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Vatican’s abuse commission – ten years too late but here’s how to give it credibility
10 December 2013 by Marie Collins

The news that the Vatican is to set up a commission focused on safeguarding children and caring for victims of abuse is welcome. I would have been more impressed if it had been set up ten years ago as it certainly should. It was obvious by then that the clerical child sexual abuse crisis was not just isolated to one or two countries and it was not going to go away. No amount of defensive statements or words of apology were going to tackle the problem, prevent further abuse or help those survivors who needed justice and healing.

Now that the Vatican is setting up this commission my hope is that it will not turn out to be a false dawn. That we will see real, practical measures put in place to ensure the safety of children and bring the needed peace and justice to those who have been hurt.

If there is to be lasting progress then the right people have to be chosen as members of this commission. We have had too many decisions made within the Church by those whose priority has been the protection of the institution rather than the protection of children. We have had too many speak for the Church using words which have hurt rather than healed survivors. This must be an end to that.

On my wishlist for the membership would first be the Maltese Bishop Charles Scicluna. He has experience of handling abuse cases from around the world from his time as Promoter of Justice in the Vatican. During that time he showed a strong commitment to convincing bishops that they must deal properly with cases of abuse in their diocese. I believe he would bring this commitment to the commission.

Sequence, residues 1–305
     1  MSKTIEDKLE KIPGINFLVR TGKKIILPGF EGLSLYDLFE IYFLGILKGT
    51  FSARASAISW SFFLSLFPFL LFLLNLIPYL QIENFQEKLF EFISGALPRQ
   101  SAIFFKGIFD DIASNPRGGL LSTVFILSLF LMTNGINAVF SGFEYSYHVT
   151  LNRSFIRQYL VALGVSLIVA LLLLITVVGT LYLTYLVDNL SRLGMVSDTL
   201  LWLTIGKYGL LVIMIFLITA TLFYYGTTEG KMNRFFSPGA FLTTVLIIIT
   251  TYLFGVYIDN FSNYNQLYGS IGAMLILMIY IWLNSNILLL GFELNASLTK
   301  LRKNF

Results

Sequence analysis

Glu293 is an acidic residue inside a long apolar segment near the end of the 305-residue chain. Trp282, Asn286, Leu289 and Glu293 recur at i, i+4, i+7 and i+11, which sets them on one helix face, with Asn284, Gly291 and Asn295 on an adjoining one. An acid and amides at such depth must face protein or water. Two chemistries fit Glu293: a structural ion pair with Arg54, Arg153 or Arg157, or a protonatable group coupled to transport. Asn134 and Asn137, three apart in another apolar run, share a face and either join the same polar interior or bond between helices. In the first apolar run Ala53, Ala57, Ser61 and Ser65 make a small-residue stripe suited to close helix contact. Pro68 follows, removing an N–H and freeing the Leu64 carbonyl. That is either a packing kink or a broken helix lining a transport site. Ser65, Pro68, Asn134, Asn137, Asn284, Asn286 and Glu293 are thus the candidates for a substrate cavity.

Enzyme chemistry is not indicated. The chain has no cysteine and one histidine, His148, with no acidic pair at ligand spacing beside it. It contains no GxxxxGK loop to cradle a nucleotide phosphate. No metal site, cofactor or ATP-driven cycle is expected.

Next would be Archbishop Diarmuid Martin of Dublin, who has received worldwide praise from survivor organisations for the way in which he has dealt with the issue in his diocese. He has experience of helping adult survivors in large numbers of past cases. He has also set up procedures for co-operating with the civil authorities on past and current cases. He has developed strong child protection policies and practices in his diocese. He would bring this practical experience at diocesan level to the commission.

I also feel there should be a representative of survivors of clerical sexual abuse on the commission. No matter how many experts you have, no one knows better what is needed by survivors than themselves.

Finally, if this commission is to have credibility and achieve real change then it must be in a position to make bishops accountable. What is the point of this commission enacting new safeguarding policies or healing procedures if those charged with their implementation are in a position to ignore them without sanction? To achieve credibility the Church must ensure accountability. Without it there is no guarantee the mistakes of the past will not continue into the future and more innocents suffer.

Marie Collins, abuse survivor and campaigner